Editorial: Remy’s back in the booth
Jerry Remy is back doing what he enjoys: Sitting in the broadcasting booth providing color commentary about the Boston Red Sox.
The question that looms in the background is whether fans will enjoy having Remy return after an extended leave following his son’s arrest on murder charges last summer. Part of that answer depends upon how you view credit and blame when it comes to parenting.
Remy left the booth after his son Jared was charged with killing 27-year-old Jennifer Martel, his girlfriend and the mother of their daughter. The trial of the younger Remy, who pleaded not guilty, is scheduled to take place this fall.
Shortly after this tragedy, Jerry Remy released this statement on Twitter: “My thoughts and prayers go out to Jenn Martel and her family. Words cannot describe my wife’s and my grief. Son or not, I am at loss for words articulating my disgust and remorse over this senseless and tragic act.”
In interviews since, it is clear the Jerry Remy’s pain and grief remains strong for Martel and her family. And, of course, there are strong emotions felt about his son, including plenty of pain.
But there’s also clarity: “It’s no excuse ... Jared’s had issues from a very young age. And we as a family have tried to do the very best we can to address those issues. It takes two to tango.
“Everybody knows about his past. I’ll be damned if my wife didn’t do the best possible job any mother could do. I have tried to do the best possible job I could do. Sometimes things just don’t work out.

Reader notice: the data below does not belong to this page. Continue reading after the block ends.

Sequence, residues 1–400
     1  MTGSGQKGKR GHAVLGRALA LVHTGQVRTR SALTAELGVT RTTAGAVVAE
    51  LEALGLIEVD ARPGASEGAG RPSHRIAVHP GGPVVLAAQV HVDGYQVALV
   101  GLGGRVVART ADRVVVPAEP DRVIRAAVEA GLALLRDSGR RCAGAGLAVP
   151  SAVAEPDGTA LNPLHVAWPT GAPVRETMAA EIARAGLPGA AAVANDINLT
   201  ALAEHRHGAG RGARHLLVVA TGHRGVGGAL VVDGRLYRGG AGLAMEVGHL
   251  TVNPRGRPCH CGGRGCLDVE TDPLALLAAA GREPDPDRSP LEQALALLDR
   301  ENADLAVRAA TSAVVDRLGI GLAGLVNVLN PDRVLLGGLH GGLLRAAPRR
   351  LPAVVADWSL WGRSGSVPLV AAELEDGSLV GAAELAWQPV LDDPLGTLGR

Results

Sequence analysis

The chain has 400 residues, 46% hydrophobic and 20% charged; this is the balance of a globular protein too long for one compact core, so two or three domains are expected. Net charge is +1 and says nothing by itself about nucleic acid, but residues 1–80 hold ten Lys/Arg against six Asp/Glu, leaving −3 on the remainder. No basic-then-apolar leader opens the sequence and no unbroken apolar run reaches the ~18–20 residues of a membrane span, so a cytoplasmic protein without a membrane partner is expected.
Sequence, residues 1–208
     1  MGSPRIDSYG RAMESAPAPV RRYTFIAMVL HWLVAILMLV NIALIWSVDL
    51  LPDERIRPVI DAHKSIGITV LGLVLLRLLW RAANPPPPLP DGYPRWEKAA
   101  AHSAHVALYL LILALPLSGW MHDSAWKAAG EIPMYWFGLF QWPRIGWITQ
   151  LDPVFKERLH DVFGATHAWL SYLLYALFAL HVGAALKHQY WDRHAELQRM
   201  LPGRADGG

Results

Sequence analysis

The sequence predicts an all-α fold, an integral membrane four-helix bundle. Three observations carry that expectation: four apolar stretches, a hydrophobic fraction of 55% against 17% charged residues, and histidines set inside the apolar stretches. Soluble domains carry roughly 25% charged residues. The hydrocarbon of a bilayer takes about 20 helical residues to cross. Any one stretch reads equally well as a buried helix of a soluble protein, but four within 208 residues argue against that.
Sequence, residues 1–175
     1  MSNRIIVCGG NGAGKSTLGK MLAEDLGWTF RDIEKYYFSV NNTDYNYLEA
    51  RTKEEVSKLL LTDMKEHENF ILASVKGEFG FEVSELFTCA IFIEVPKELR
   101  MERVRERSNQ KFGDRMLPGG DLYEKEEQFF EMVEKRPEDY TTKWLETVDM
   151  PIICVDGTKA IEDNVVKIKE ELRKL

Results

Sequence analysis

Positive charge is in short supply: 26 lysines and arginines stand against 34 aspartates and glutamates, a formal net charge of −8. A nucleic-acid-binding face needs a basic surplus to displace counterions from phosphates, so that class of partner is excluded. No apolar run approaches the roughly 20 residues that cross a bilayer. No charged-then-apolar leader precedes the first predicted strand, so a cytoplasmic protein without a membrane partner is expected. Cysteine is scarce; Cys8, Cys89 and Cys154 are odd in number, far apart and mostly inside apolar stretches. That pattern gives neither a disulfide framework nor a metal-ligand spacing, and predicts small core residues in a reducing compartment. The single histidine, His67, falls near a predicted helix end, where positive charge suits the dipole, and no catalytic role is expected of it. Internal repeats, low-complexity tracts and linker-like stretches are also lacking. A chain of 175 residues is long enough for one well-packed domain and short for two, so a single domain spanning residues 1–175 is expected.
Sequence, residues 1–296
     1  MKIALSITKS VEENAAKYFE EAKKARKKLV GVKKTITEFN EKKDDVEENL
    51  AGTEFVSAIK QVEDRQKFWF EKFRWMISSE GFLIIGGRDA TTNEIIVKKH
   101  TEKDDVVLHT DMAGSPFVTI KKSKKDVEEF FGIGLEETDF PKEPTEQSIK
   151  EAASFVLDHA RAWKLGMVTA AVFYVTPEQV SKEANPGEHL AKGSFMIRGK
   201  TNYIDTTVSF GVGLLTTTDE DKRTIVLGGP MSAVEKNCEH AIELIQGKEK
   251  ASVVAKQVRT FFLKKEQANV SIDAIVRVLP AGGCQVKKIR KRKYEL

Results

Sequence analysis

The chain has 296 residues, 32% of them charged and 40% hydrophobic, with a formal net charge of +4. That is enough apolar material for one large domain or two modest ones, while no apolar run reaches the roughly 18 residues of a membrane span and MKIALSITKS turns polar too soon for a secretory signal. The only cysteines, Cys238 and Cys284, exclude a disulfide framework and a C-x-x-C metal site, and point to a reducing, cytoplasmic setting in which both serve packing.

“We’ve tried the best we possibly could to get him the help he needed. Did we ever anticipate this? No. It ended up in a very, very disgusting and tragic way.”
Jared Remy has a violent criminal past, one that includes assaulting women on four separate occasions. He also was fired by the Sox while working as a security staffer during a steroid investigation in 2008.
A time does come when parents can no longer provide help or guidance, without the willingness of the child to allow them to do so. Jared Remy, for whatever reason, reached that crossroads long ago. He became an adult and in the eyes of society and the law his parents could no longer take charge ... and were no longer responsible.
Jerry Remy had nothing to do with the alleged murder. Despite this, his life will never be the same. That’s part of being a parent.
But he shouldn’t be held responsible for his adult 35-year-old son’s behavior and tragic choices ... and we’re glad to see him back.